2022 ◽  
Vol 86 (2) ◽  
Amy E. Boyd ◽  
Lane Doyle ◽  
Susan E. Lusardi ◽  
Gray Allen Goliszek

2022 ◽  
Maxwell Boyle ◽  
Elizabeth Rico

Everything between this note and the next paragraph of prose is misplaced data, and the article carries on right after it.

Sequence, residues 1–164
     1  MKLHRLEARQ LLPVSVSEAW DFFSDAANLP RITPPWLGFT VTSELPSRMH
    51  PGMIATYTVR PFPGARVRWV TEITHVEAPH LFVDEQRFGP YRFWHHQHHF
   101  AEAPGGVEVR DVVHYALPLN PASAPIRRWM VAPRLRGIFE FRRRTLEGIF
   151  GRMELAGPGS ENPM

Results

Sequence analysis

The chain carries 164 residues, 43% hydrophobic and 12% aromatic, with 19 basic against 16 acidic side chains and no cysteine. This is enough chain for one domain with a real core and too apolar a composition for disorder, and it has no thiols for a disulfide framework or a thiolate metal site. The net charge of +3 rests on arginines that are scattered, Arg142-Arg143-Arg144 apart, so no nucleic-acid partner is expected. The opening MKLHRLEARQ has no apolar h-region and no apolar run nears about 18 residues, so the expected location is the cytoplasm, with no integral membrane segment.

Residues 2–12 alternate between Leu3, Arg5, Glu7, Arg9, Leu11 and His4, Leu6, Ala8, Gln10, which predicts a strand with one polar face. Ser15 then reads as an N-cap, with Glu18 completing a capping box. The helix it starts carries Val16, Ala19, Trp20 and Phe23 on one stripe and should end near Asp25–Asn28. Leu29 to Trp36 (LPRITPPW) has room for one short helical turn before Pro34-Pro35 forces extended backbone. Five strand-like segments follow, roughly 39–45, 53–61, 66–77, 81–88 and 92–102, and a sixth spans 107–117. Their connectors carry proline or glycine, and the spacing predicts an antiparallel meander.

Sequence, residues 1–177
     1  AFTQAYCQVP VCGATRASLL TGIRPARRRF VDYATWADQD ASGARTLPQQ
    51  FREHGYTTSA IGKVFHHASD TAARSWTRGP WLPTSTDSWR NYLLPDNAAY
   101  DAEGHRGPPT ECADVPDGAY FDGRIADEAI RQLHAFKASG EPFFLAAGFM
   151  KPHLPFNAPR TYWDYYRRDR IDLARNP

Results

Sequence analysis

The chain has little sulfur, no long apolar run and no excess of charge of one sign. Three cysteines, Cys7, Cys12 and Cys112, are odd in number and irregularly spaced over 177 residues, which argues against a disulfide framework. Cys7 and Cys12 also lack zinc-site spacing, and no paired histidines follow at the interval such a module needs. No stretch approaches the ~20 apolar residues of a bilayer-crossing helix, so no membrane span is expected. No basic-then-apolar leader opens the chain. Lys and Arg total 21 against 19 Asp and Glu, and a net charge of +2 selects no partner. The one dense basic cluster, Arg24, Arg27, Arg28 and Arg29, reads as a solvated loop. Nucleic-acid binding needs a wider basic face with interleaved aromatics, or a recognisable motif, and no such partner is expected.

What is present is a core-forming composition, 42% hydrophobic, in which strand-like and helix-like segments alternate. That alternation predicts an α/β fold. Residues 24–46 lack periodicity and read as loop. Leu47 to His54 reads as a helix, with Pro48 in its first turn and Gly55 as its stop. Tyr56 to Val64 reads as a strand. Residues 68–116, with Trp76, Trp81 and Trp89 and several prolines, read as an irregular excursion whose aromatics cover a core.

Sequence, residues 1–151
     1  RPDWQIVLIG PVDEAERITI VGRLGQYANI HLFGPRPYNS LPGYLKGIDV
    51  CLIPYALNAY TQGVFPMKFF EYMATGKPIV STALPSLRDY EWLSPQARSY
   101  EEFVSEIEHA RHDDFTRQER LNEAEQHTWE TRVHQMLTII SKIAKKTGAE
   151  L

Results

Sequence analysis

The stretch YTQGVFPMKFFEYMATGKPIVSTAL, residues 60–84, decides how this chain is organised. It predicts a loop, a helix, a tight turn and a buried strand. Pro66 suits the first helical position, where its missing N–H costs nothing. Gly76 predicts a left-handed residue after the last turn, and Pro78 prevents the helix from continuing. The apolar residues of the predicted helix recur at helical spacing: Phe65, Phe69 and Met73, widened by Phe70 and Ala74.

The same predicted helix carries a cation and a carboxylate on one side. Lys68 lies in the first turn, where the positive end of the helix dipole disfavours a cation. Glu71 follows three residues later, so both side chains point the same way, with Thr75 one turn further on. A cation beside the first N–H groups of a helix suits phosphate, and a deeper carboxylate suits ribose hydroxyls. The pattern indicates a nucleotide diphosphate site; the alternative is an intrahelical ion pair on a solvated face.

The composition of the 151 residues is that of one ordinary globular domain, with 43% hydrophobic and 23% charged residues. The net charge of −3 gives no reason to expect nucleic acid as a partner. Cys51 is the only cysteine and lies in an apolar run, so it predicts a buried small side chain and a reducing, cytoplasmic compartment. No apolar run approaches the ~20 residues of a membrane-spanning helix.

The Southeast Coast Network (SECN) conducts long-term terrestrial vegetation monitoring as part of the nationwide Inventory and Monitoring Program of the National Park Service (NPS). The vegetation community vital sign is one of the primary-tier resources identified by SECN park managers, and monitoring is currently conducted at 15 network parks (DeVivo et al. 2008). Monitoring plants and their associated communities over time allows for targeted understanding of ecosystems within the SECN geography, which provides managers information about the degree of change within their parks’ natural vegetation. The first year of conducting this monitoring effort at four SECN parks, including 52 plots on Cape Hatteras National Seashore (CAHA), was 2019. Twelve vegetation plots were established at Cape Hatteras NS in July and August. Data collected in each plot included species richness across multiple spatial scales, species-specific cover and constancy, species-specific woody stem seedling/sapling counts and adult tree (greater than 10 centimeters [3.9 inches {in}]) diameter at breast height (DBH), overall tree health, landform, soil, observed disturbance, and woody biomass (i.e., fuel load) estimates. This report summarizes the baseline (year 1) terrestrial vegetation data collected at Cape Hatteras National Seashore in 2019. Data were stratified across four dominant broadly defined habitats within the park (Maritime Tidal Wetlands, Maritime Nontidal Wetlands, Maritime Open Uplands, and Maritime Upland Forests and Shrublands) and four land parcels (Bodie Island, Buxton, Hatteras Island, and Ocracoke Island). Noteworthy findings include: A total of 265 vascular plant taxa (species or lower) were observed across 52 vegetation plots, including 13 species not previously documented within the park. The most frequently encountered species in each broadly defined habitat included: Maritime Tidal Wetlands: saltmeadow cordgrass Spartina patens), swallow-wort (Pattalias palustre), and marsh fimbry (Fimbristylis castanea) Maritime Nontidal Wetlands: common wax-myrtle (Morella cerifera), saltmeadow cordgrass, eastern poison ivy (Toxicodendron radicans var. radicans), and saw greenbriar (Smilax bona-nox) Maritime Open Uplands: sea oats (Uniola paniculata), dune camphorweed (Heterotheca subaxillaris), and seabeach evening-primrose (Oenothera humifusa) Maritime Upland Forests and Shrublands: : loblolly pine (Pinus taeda), southern/eastern red cedar (Juniperus silicicola + virginiana), common wax-myrtle, and live oak (Quercus virginiana). Five invasive species identified as either a Severe Threat (Rank 1) or Significant Threat (Rank 2) to native plants by the North Carolina Native Plant Society (Buchanan 2010) were found during this monitoring effort. These species (and their overall frequency of occurrence within all plots) included: alligatorweed (Alternanthera philoxeroides; 2%), Japanese honeysuckle (Lonicera japonica; 10%), Japanese stilt-grass (Microstegium vimineum; 2%), European common reed (Phragmites australis; 8%), and common chickweed (Stellaria media; 2%). Eighteen rare species tracked by the North Carolina Natural Heritage Program (Robinson 2018) were found during this monitoring effort, including two species—cypress panicgrass (Dichanthelium caerulescens) and Gulf Coast spikerush (Eleocharis cellulosa)—listed as State Endangered by the Plant Conservation Program of the North Carolina Department of Agriculture and Consumer Services (NCPCP 2010). Southern/eastern red cedar was a dominant species within the tree stratum of both Maritime Nontidal Wetland and Maritime Upland Forest and Shrubland habitat types. Other dominant tree species within CAHA forests included loblolly pine, live oak, and Darlington oak (Quercus hemisphaerica). One hundred percent of the live swamp bay (Persea palustris) trees measured in these plots were experiencing declining vigor and observed with symptoms like those caused by laurel wilt......less